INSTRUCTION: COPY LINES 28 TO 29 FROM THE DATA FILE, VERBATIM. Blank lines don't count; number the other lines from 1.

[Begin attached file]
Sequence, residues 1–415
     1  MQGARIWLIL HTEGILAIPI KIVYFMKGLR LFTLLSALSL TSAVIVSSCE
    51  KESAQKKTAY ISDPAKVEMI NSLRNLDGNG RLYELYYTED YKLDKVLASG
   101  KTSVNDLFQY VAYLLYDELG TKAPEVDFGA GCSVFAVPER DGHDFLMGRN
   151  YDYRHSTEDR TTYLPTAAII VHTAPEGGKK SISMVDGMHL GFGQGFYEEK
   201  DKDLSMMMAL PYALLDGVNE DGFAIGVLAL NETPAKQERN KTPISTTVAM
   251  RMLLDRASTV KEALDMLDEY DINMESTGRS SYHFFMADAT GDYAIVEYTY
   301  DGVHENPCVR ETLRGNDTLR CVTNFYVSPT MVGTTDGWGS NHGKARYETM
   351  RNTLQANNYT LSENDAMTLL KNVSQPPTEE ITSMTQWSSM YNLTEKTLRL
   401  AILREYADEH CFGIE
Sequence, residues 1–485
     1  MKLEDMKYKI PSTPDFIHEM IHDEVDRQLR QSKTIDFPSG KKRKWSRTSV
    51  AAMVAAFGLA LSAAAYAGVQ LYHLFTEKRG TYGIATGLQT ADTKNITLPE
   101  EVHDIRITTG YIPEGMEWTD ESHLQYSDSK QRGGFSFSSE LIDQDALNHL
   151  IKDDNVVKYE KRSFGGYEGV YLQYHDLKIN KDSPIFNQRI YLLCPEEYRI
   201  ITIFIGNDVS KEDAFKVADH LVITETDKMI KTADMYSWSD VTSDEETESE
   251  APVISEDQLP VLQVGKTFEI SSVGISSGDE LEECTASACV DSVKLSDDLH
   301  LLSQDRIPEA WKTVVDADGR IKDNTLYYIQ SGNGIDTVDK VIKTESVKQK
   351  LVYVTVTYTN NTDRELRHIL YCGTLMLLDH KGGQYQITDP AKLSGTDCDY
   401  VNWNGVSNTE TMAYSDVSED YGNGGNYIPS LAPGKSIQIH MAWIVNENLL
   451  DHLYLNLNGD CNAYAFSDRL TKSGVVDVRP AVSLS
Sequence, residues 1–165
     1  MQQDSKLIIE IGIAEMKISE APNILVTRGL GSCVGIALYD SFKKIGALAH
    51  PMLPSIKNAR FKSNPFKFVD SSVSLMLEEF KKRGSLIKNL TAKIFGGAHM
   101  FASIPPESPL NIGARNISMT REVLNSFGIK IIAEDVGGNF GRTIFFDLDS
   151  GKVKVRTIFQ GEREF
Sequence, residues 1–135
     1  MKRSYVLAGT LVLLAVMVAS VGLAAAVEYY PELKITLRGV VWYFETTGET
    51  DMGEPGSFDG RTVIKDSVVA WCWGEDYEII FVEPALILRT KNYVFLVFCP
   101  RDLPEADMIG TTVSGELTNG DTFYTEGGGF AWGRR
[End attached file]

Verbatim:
     1  MKRSYVLAGT LVLLAVMVAS VGLAAAVEYY PELKITLRGV VWYFETTGET
    51  DMGEPGSFDG RTVIKDSVVA WCWGEDYEII FVEPALILRT KNYVFLVFCP